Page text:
You can rearrange the options within the list by clicking and holding on the box and then moving them up and down. You can move items between groups too. If you wish to reorder entire groups, select the "Reorder groups" option at the top right and then drag and drop the order of the groups.

More advanced customisations are also available by consultation with the Culture Shift team (there may be a cost associated with some customisations). Reporting forms are made up of pages, and each page can either contain a message (for example, a privacy warning) or a number of questions. Each form can have a different set of questions, or share some common questions between them. Choosing the right questions can help you do analysis in the dashboard, and re-using questions between forms allows you to compare those answer regardless of which form the reporter picked. Common form types include one for reporting anonymously or for expecting a follow-up, where each form contains some common questions on the incident, but unique questions about either personal data or why they may have chosen to report anonymously.

The following types of questions are supported:

  • Radio button questions (multiple choice, where only one choice can be selected)
  • Checklist questions (multiple choice, where many choices can be selected)
  • Text questions, which allow a free-text answer
  • Text area questions, which allow multi-line answers
  • Date questions, which asks the user to enter a date
  • Date/Time questions, which ask the user to select a date and time
  • Email questions, which require that an email address is entered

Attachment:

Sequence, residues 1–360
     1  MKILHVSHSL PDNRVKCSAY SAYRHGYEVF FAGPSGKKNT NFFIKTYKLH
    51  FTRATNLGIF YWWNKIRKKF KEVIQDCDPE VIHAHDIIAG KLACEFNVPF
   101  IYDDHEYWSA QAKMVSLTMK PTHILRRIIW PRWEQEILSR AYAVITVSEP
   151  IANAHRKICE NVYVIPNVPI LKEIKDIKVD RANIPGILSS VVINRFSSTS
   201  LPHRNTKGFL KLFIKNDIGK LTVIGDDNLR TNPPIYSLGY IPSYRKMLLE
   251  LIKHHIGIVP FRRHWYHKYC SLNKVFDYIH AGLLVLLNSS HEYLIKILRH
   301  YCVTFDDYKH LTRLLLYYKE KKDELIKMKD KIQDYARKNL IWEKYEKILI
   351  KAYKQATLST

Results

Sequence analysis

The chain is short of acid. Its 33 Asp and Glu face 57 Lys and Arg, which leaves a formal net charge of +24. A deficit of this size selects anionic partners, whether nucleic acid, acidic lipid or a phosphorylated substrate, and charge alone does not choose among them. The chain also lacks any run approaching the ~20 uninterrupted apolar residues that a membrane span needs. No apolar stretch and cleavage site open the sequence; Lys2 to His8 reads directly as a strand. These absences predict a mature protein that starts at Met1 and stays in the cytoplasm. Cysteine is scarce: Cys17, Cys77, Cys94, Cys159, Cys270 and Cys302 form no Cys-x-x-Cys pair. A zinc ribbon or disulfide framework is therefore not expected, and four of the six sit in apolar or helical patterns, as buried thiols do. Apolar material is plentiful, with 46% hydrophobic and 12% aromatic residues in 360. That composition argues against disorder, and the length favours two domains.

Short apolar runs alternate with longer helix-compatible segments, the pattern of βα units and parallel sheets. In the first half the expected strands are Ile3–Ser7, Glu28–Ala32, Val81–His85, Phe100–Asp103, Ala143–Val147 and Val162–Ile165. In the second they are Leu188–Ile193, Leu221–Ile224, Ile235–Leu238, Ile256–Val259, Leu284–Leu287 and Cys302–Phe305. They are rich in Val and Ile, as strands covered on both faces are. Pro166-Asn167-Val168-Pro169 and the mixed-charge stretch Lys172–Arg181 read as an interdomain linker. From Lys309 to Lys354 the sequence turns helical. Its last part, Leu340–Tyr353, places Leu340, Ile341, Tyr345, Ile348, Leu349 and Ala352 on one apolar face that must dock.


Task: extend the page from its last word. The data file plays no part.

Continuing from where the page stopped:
• Phone number questions, which require that a phone number is entered

The multiple choice questions (radio and checklist) allow users to select from a list of options. Each option can also (optionally) have a supplied definition, which can appear to the user in a pop-out. An option can also prompt the user to complete a textbox (for example, if “Other” is an option, it then provides a text box for the user to enter a free-text answer). These list of options can be grouped under headings (for example, for teams within a department, these can be grouped by department), and for very long lists, the options can be hidden, so a user must first pick the group, and then the final option.

Support articles can also be associated with particular options in a multiple choice question, so that when the report is submitted, those support articles are shown to the user dependent on the options that were picked.

Each question consists of:

  • a short title, which is used as a label in the dashboard
  • a title which is the question as presented to users
  • one question could have many different titles, based on how other questions in the form are answered, as well as a default title. For example, a question could be "How do you or the person you are reporting for known the alleged perpetrator?" as the default title, but you also add a title "How do you know the alleged perpetrator?" for when the previous question "Who are you reporting on behalf of?" is answered as "Myself")
  • any optional additional info which is shown underneath the title
  • whether or not that question must be answered before the user can move on, and some text to indicate to the user that the question is required

Questions are grouped together onto pages, potentially only 1 question per page, or many. A user only sees one page at a time, and can only move forward once the required questions on that page are answered, but they can move backwards. It is also possible to skip pages, so certain pages (and the questions that are on them) will only be shown if previous questions are answered in a certain way (this can be used to ask follow-up questions).

Another use for pages is to have an interstitial page. An interstitial page is one which contains no questions, but presents information to the user. For example, this could be used to show a privacy policy to the user. An interstitial page can also contain a checkbox which must be ticked before allowing the user to move past it. This checkbox is not recorded in the report.